If your child is new to the school, it might help to arrange a playdate with a child in their class to help them form strong relationships.

    7. "That's a hard feeling. Tell me about it."

    While school drop-off is not the time to wallow in the hard feelings of not wanting to go to school, if your child brings up concerns after school or on the weekend, take some time to listen to them.

    Children can very easily be swayed by our leading questions, so keep your questions very general and neutral so that your child can tell you what they're really feeling.

    They may reveal that they just miss you while they're gone, or may tell you that a certain person or kind of work is giving them anxiety.

    Let them know that you empathize with how they feel, but try not to react too dramatically. If you think there is an issue of real concern, talk to the teacher about it, but your reaction can certainly impact the already tentative feelings about going to school.

    8. "What can we do to help you feel better?"

    Help your child brainstorm some solutions to make them more comfortable with going to school.

    Choose a time at home when they are calm. Get out a pen and paper to show that you are serious about this.

    If they miss you, would a special note in their pocket each morning help? If another child is bothering them, what could they say or who could they ask for help? If they're too tired in the morning, could an earlier bedtime make them feel better?

    Make it a collaborative process, rather than a situation where you're rescuing them, to build their confidence.

    9. "What was the best part of your school day?"

    Choose a time when your child is not talking about school and start talking about your day. Tell them the best part of your day, then try asking about the best part of their day. Practice this every day.

    It's easy to focus on the hardest parts of an experience because they tend to stick out in our minds. Help your child recognize that, even if they don't always want to go, there are likely parts of school they really enjoy.

    10. "I can't wait to go to the park together when we get home."

    If your child is having a hard time saying goodbye, remind them of what you will do together after you pick them up from school.

    Even if this is just going home and making dinner, what your child likely craves is time together with you, so help them remember that it's coming.

    It is totally normal for children to go through phases when they don't want to go to school. If you're concerned, talk to your child's teacher and ask if they seem happy and engaged once they're in the classroom.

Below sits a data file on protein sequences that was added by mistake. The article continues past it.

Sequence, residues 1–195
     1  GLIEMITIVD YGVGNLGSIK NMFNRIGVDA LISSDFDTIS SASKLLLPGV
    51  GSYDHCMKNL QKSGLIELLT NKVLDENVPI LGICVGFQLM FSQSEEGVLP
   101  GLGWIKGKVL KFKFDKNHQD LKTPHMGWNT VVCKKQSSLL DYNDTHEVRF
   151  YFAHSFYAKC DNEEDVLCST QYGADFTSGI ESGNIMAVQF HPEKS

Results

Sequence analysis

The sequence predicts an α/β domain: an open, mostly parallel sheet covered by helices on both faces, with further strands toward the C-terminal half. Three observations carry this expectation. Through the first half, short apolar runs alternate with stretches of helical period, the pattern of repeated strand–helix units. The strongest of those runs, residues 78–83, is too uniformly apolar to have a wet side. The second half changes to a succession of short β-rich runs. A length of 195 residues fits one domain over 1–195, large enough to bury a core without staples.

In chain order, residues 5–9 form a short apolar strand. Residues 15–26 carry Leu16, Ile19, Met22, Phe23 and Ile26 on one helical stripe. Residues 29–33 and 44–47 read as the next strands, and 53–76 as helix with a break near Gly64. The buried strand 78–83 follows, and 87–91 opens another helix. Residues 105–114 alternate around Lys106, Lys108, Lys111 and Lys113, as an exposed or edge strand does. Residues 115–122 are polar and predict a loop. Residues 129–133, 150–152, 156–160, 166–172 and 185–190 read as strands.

To your child, be there to listen, to help when you can, and to reassure them that their feelings are natural and that they are so capable of facing the challenges of the school day, even when it seems hard.

    Back to School

    15 toys that will keep your kids entertained inside *and* outside

    They transition seamlessly for indoor play.

    Keeping kids entertained is a battle for all seasons. When it's warm and sunny, the options seem endless. Get them outside and get them moving. When it's cold or rainy, it gets a little tricker.

    So with that in mind, we've rounded up some of the best toys for toddlers and kids that are not only built to last but will easily make the transition from outdoor to indoor play. Even better, many are Montessori-friendly and largely open-ended so your kids can get a ton of use out of them.

    From sunny backyard afternoons to rainy mornings stuck inside, these indoor outdoor toys are sure to keep little ones engaged and entertained.


    Stomp Racers

    As longtime fans of Stomp Rockets, we're pretty excited about their latest launch–Stomp Racers. Honestly, the thrill of sending things flying through the air never gets old. Parents and kids alike can spend hours launching these kid-powered cars which take off via a stompable pad and hose.

    $19.99

    Step2 Up and Down Rollercoaster

    Step2 Up and Down Rollercoaster

    Tiny thrill-seekers will love this kid-powered coaster which will send them (safely) sailing across the backyard or play space. The durable set comes with a high back coaster car and 10.75 feet of track, providing endless opportunities for developing gross motor skills, balance and learning to take turns. The track is made up of three separate pieces which are easy to assemble and take apart for storage (but we don't think it will be put away too often!)